Vampire Weekend’s Father of the Bride: A Review
After six years in absence, the quirky kings of the New York indie scene have returned with an expansive, ruminative epic in the form of their fourth studio album Father of the Bride. Vampire Weekend is known for their intelligently obtuse lyrics and creative instrumentation, but the latest album takes this established sound and injects it with a fresh burst of life.
In the past, frontman Ezra Koenig has relied on his ability to create delicious metaphors through nonsensical lyrics, but he is showing that he is not afraid to speak plainly with his words anymore. The album’s opening track Hold You Now is a beautifully rendered musical conversation between two newlyweds debating their personal commitment to their marriage. Danielle Haim – from pop-group HAIM – lends her vocals as the female counterpart in this song, and features in two more songs on the album, bringing a new dimension to the archetypal Vampire Weekend song.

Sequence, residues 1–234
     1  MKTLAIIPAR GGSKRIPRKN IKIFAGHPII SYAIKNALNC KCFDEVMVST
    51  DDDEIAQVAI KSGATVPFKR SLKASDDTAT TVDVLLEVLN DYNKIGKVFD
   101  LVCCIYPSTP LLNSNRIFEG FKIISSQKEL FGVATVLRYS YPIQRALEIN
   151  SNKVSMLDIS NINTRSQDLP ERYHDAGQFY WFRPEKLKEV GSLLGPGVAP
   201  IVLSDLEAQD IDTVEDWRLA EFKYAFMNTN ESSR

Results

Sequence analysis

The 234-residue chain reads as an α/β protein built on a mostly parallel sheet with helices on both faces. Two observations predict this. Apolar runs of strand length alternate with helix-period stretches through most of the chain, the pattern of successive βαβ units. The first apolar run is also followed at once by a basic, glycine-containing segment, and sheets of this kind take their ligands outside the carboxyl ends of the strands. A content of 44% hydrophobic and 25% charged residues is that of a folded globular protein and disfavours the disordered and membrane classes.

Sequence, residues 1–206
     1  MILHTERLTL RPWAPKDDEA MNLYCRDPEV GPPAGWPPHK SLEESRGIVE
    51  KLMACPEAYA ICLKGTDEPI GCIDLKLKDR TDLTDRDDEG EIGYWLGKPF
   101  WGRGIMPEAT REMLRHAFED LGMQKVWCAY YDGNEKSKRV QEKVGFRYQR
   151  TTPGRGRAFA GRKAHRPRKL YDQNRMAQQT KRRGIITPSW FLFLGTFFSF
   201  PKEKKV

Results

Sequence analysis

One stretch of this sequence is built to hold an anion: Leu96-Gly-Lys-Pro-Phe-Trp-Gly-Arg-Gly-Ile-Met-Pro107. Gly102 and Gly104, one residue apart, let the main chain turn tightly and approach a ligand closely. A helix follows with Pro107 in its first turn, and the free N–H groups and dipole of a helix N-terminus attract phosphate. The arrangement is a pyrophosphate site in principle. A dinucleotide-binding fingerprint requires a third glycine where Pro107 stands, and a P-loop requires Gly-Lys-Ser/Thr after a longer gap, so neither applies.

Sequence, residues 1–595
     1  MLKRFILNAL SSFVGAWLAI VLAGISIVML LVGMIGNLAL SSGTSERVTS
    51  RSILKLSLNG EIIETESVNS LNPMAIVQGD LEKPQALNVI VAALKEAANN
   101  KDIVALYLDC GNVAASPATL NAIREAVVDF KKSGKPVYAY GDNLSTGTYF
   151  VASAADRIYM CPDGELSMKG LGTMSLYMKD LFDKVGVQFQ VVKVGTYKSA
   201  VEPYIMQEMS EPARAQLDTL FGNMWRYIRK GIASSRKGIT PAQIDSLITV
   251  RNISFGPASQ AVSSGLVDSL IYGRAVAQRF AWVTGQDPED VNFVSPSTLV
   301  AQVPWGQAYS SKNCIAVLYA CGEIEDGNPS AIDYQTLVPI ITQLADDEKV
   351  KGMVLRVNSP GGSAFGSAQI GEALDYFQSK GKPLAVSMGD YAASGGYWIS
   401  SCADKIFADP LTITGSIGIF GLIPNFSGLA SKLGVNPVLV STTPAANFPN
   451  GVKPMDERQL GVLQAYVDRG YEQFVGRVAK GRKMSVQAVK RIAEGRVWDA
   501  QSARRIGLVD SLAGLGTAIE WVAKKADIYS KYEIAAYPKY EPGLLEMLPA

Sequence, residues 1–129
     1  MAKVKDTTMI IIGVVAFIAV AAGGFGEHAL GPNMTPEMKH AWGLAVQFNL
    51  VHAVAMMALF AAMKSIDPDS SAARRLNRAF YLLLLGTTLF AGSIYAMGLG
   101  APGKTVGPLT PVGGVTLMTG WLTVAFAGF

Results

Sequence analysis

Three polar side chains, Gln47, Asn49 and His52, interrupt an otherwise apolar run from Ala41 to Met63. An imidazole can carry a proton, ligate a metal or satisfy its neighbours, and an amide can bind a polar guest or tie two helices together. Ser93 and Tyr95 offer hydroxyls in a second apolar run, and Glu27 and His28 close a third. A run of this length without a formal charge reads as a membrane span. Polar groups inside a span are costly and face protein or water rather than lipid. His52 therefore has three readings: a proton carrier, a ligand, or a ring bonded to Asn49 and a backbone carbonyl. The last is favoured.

The meaty lead single Harmony Hall bursts with intricate acoustic guitar and a powerful singalong chorus. This Life places the listener on a sunny, tropical island with its summery guitar licks. The Internet’s Steve Lacy supports on the riff-filled clatter of a tune Sunflower, which will prove to be one of their most hyped up songs live.
Before its almost hour-long runtime comes to an end, the album discusses themes of paranoia, love in the modern age and political turmoil. Father of the Bride concludes with the ballad Jerusalem, New York, Berlin, a heartfelt piano tune that elaborates on Ezra Koenig’s own Jewish heritage. This ends Vampire Weekend’s new album on a note that is both optimistic and pessimistic at once, but instantly makes you want to play it all over again.